To call it a retirement is a farce: long, long, longtime White House correspondent Helen Thomas was forced out of her front-row seat.
And now, at long last, there will be peace in the Middle East.
But more seriously, we can hold these dueling ideas in our heads: what the 89-year-old Thomas said was ridiculous and unfortunate, and the right-wing mob that called for her job has a very selective memory.
To say nothing of their selective outrage.
And in other news, Pat Buchanan has managed to stay gainfully employed.
Sigh. Let’s get on with the random-assery:
1. In the wake of the oil spill, Louisiana restaurants are finding replacements for seafood favorites. That means more crawfish and less Jumbo shrimp. “Prices may rise and menus may change before the final toll of the spill is known, but chefs here say that as long as part of the Louisiana coastline remains open, they will tap into their culinary creativity before turning to imported catch.” (Blackink)
2. Images of oil-drenched pelicans and gulls have captured the still-unfolding tragedy of the Gulf oil spill in a way so many other images haven’t. But some media outlets are grappling with the “when” and “how” of using these photos. (Blackink)
3. Megan Carpentier wants her country back, assholes. (Shani-o)
4. The number of high-poverty schools in the U.S. is growing. (Quadmoniker)
5. California Latinos are less likely to identify as Republican than they were four years ago. Surely, no one finds this surprising. (Blackink)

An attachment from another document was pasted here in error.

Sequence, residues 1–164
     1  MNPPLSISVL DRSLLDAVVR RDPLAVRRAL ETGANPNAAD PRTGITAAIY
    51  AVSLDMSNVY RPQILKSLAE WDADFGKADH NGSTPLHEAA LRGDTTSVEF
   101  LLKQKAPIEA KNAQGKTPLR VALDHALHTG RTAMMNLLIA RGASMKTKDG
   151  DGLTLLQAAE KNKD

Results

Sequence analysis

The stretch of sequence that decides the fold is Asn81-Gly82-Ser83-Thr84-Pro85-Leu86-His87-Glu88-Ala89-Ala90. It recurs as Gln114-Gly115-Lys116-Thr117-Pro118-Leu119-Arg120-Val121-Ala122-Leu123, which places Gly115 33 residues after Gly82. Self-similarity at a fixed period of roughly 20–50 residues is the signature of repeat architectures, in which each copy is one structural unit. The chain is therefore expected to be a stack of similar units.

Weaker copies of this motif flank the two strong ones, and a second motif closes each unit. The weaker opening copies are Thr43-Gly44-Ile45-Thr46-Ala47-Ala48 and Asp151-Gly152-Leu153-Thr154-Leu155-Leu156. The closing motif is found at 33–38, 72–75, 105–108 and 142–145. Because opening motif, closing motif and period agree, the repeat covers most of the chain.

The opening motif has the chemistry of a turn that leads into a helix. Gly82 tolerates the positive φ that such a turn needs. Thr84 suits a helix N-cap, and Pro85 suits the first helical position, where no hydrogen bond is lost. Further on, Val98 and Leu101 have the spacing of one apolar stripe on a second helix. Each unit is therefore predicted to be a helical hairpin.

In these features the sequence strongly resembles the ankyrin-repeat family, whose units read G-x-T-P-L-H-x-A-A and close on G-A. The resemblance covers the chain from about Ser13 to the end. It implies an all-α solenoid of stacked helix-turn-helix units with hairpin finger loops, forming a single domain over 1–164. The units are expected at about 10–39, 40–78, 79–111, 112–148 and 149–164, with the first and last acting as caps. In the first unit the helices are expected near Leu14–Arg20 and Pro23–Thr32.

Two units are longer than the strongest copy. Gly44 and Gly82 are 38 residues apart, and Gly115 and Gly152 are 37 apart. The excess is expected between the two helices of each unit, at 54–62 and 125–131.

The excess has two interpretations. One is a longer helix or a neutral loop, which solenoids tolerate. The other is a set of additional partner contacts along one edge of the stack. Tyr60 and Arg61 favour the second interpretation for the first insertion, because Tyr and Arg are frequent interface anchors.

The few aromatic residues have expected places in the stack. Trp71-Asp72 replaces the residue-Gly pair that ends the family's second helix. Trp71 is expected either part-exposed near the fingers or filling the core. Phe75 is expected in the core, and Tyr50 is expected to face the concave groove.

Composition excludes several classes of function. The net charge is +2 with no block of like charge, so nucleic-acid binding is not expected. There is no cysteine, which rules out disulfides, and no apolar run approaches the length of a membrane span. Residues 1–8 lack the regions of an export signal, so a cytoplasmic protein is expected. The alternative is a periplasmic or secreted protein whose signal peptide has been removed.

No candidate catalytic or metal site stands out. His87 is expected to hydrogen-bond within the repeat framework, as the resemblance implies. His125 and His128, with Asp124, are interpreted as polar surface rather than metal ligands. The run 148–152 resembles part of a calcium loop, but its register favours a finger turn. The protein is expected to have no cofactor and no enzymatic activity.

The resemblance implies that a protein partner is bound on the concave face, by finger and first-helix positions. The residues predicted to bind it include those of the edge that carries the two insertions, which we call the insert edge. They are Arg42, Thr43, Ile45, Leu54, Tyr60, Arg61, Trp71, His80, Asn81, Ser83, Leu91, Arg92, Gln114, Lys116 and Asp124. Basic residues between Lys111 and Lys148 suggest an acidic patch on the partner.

6. Over at The Root, Cord Jefferson finds that “the year of the Black Republican” hasn’t quite lived up to its billing. Wonder why? (Blackink)
8. It might surprise people to know that Nazi war criminals are still hiding in the U.S. (Blackink)
9. An off-duty police officer in Baltimore shot an unarmed Marine outside a nightclub over the weekend. If you didn’t guess that the Marine is black, then you haven’t been paying attention. (Blackink)
10. Two missing children, two different races, two types of coverage. Friend of the Blog Sara Libby notices the difference in the coverage of Anthony Thomas and Kyron Horman. (G.D.)
11. Coming on the heels of Al and Tipper Gore’s separation, the Pew Research Center attempted to determine the likelihood of a long-duration marriage ending in divorce. Sift your way through the relevant data at your leisure. (Blackink)
12. To commemorate the occasion of LGBT Pride Month, unusualmusic at Alas! re-posts a list that thoroughly unpacks heterosexual privilege. (Blackink)
13. V.V. Ganeshananthan at Columbia Journalism Review slams Lynne Hirschberg for being just as clueless as she says M.I.A. is about Sri Lankan politics. M.I.A. may be a bit of a poser, but Hirschberg is horribly sloppy. (Quadmoniker)
14. Also, Jamilah King at Colorlines wonders if Janelle Monae can survive “society’s obsession with idolizing and devouring extremely talented ordinary people and turning them into immeasurable Gods.” Especially those of color. (Blackink)
15. The American Fitness Index has an interactive map showing the fitness rankings of 50 major U.S. cities. The D.C.-Arlington-Alexandria MSA finished in the top spot, while Oklahoma City finished at the bottom. (Blackink)
16. Marion Nestle at Food Politics has a great roundup of what’s going on with genetically-modified foods these days. Short answer: a lot. (Quadmoniker)
17. Ta-Nehisi joins Twitter. (Shani-o)
19. No matter what happens with LeBron in free agency this summer, he and Jay-Z still plan to hang out regularly. The NBA – and everyone else – will simply have to deal with it. “Peer groups are, in essence, social circles. They are defined on a micro-level by differences in vocation, but by and large, class and ethnicity. Too trippy? Rich black people know each other. Deal with it.” (Blackink)
20. In soccer news, the owners of Manchester United – one of the wealthiest professional sports franchises in the world – are more than one billion dollars in debt. Also, Steven Zeitchik of the LA Times explores why the Beckhams never became a hit in Hollywood. (Blackink)